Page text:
Merging the design document into the main requirements document prevent you from signing off the requirements document. The customer will be extremely happy about this, but I think your development team will hate the possible crunch time.

I did see an alternative approach people have (but not on merging design with requirements).

Split up the requirements document into a main file with seperate appendix files. Keep important and concrete things in the requirements document. This allows you to sign off the requirements document, while allowing changes to the appendix be done at a later stage. We mostly use this approach for support documents as the appendix. It might work with design doc as an appendix, but I have not seen a design doc as an appendix.

Besides, in some projects, you might even want to sign off design doc before development starts. Or these design/requirements/SoW are delivery or milestone payment.

Really, try to avoid merging them.

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Requirements refer to what needs to be done. Technical design refers to how the requirements can be fulfilled.


  • One disadvantage of combining them is that, if you're a technical guy, you'll try to influence the requirements to make the technical task easier, focusing on how. In the end, you might develop a system that doesn't actually address (all) the problems of the user(s) of that system.
  • Another disadvantage is that, while clarifying the requirements, the technical solution will need to be adapted to fulfill the new features/details that were clarified or discovered during requirements elicitation. That means modifying/rethinking the technical solution several times during requirements clarification.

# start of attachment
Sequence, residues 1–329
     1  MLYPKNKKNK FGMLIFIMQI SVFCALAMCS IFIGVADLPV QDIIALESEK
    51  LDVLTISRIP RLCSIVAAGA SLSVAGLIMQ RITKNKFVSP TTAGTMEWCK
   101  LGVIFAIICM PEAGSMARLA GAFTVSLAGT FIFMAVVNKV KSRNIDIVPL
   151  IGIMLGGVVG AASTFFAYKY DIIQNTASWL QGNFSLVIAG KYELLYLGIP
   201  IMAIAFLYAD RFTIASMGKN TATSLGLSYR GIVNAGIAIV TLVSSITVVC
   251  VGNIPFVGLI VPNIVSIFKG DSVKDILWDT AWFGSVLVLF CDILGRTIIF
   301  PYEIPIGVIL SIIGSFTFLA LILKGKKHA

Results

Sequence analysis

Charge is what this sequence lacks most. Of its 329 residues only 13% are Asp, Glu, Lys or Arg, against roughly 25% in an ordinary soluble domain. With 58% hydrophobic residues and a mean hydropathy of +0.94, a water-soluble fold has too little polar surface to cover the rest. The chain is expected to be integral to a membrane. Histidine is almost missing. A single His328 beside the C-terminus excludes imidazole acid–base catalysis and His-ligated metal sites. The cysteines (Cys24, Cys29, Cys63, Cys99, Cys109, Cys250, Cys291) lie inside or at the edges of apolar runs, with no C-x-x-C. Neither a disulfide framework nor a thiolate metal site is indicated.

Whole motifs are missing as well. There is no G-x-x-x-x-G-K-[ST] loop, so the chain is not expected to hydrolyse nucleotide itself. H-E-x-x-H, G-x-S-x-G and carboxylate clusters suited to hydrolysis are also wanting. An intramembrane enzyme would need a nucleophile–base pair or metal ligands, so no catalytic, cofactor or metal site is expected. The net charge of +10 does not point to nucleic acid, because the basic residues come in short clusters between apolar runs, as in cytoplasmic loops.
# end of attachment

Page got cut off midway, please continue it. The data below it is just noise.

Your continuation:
Possible advantage:

  • Having an overview of the technical solution while discussing the requirements, you might "bend" or negotiate the requirements in order to avoid later discovery of technical issues (e.g. performance problems, unfeasible or costly features with added value not proportional with the cost of implementing them). But you have to be careful not to invest too much on the technical design before the requirements are really clarified.
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Another difference in the two is that requirements development requires extensive contact with the client (external or internal client) and many good technical people simply don't have the people skills to manage client relationships well or to talk to actaul users without insulting them. Only you can say if you do. You will find it is much harder and more complicated than you think if you haven't been doing it. Plus you may find yourself asking the wrong questions because you are failing to see the viewpoint of the user since your expertise is in the viewpoint of the developer and designer.

Personally I also find that having multiple people involved in the design process (gather requirements and translate them into a design) is helpful in terms of idea generating and in terms of thinking of things the other person may have missed. Moving from two people doing this to one may not a good idea from the standpoint of team synergy. When the same person does both, it is easy to do things in only the way you are used to and there is no one else involved to challenge your assumptions until you are much farther along the path where it becomes more difficult to change.